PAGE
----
Femur fractures are difficult procedures for surgeons to undertake. The longest bone in the body is situated deep underneath the skin and surrounded by muscle in the upper leg, necessitating a great deal of force to manipulate the bone. These logistical hurdles make it hard for surgeons to see the extent of the fracture and to properly realign the bone, leading to more time in surgery, longer recovery times and an increased risk of patient complications.
For the better part of a decade, Dr. Mohammad Abedin-Nasab, assistant professor of biomedical engineering in the Henry M. Rowan College of Engineering, has been developing a robotic system to aid doctors in these procedures—and improve patient outcomes.
The National Science Foundation has awarded Abedin-Nasab a $250,000 Partnerships in Innovation grant to help him further develop the system, called Robossis. With the funding, Abedin-Nasab will develop a prototype of Robossis by late 2023 that satisfies the Food and Drug Administration’s safety and efficacy requirements. Should Robossis receive FDA clearance, then Abedin-Nasab can begin testing the system on patients. Until now, Robossis has been tested on cadavers.
Robossis has three components: the robot, imaging software, and a haptic device. A circular metal device, designed to fit a standard surgical bed, encircles the leg. Rods are inserted into the leg and are attached to the bone fragments. The imaging software takes X-rays from two different angles, giving surgeons an unobstructed view of the fracture.
Abedin-Nasab and his team have developed algorithms meant to provide doctors with the optimal path to align the fragments. The surgeon can choose any of Robossis’ suggested paths or choose their own. Then the robot will realign the bone fragments using force and rotation to automatically manipulate the leg without human help.
“We want to assist surgeons,” Abedin-Nasab said. “We provide stronger hands using the robot and stronger eyes using our imaging software.”
Using NSF grant funding, Abedin-Nasab will further test the force of the machine and the accuracy of the alignment, first in the lab and then on cadavers. In previous testing, the robot has excelled in realignment.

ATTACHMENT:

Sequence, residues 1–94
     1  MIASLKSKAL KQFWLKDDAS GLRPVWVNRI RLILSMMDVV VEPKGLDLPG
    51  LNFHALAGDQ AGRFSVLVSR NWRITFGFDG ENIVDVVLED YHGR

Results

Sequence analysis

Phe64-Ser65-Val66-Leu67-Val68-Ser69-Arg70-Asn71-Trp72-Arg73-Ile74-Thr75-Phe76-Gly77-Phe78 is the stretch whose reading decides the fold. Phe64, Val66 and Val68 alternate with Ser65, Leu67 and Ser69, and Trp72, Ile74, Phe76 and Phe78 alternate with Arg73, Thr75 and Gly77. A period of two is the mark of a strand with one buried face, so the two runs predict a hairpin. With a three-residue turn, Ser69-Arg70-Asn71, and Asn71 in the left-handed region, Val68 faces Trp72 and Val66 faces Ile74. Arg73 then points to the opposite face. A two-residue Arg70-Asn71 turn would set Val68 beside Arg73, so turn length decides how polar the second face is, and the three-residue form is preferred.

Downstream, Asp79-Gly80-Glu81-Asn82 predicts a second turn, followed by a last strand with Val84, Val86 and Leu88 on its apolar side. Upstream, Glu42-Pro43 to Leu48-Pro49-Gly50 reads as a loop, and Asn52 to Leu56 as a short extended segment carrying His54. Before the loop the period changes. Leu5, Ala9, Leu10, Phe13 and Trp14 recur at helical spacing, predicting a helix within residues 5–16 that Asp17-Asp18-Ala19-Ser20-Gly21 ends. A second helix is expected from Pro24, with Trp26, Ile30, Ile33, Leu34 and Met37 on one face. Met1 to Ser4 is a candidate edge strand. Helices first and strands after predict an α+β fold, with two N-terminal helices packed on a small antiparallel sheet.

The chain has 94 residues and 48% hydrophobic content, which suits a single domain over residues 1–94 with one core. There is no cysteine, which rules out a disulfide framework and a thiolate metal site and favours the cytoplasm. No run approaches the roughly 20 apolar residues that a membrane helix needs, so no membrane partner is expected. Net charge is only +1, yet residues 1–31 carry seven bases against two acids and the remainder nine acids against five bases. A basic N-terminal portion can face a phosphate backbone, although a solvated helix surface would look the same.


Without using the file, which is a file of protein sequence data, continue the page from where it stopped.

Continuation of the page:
Abedin-Nasab’s team includes clinicians, three Ph.D. students, four undergraduate students, and medical students.
“This is truly an interdisciplinary project,” Abedin-Nasab said. “We have expertise from various engineering and medical disciplines that is vital to our success.”
Next step toward commercialization
Dr. Sean McMillan, chief of orthopedics at Virtua Willingboro Hospital and Virtua Our Lady of Lourdes Hospital, and Dr. Iulian Iordachita, research professor of mechanical engineering at Johns Hopkins University, are lead clinical and scientific collaborators. Jessica Fields, an entrepreneur and associate director of the New York City Regional Innovation Node at the City University of New York, will work with the researchers and Rowan Innovations to commercialize the technology.
“Earning an NSF Innovation grant requires a team effort and that’s why we’re here,” said Dr. Yatin Karpe, director of Rowan Innovations/Office of Technology Commercialization. The office provides researchers with assistance in filing for patents and licensing, as well as applying for federal funding opportunities, such as the NSF I-Corps program.
“Our office helped Dr. Abedin-Nasab and his research partners secure regional and national I-Corps awards, as well as with getting more visibility for their innovation at various industry events,” Karpe said. “We’re looking forward to seeing Robossis through the next step toward FDA approval and getting their product into the market at the earliest opportunity.”
Abedin-Nasab has conducted in-depth interviews with trauma surgeons and patients while developing Robossis. The main feedback is the importance of a device that improves alignment. Malalignment and malrotation of the bone fragments occur in a third of patients. Femur realignment surgery would also be much less invasive using Robossis. The robot only makes small incisions which limits blood loss, pain and scarring. Also, because the robot requires fewer X-rays, radiation exposure is reduced for patients, surgeons and medical staff.
“Our engineers are leading the way in creating and developing the technology of the future in medicine,” said Dr. Mark Byrne, founding head of Rowan’s Department of Biomedical Engineering. “Making this a reality for patients and implementing the translation of novel technologies to patients is integral to the mission of our biomedical engineering department and our University, our medical schools and partners, and Rowan Innovations.”
When Robossis receives FDA approval, it will be the first robot of its kind used to perform surgery on femur fractures.
“We will be the first team in the world to make this a reality, which will deliver much better care to patients,” Abedin-Nasab said.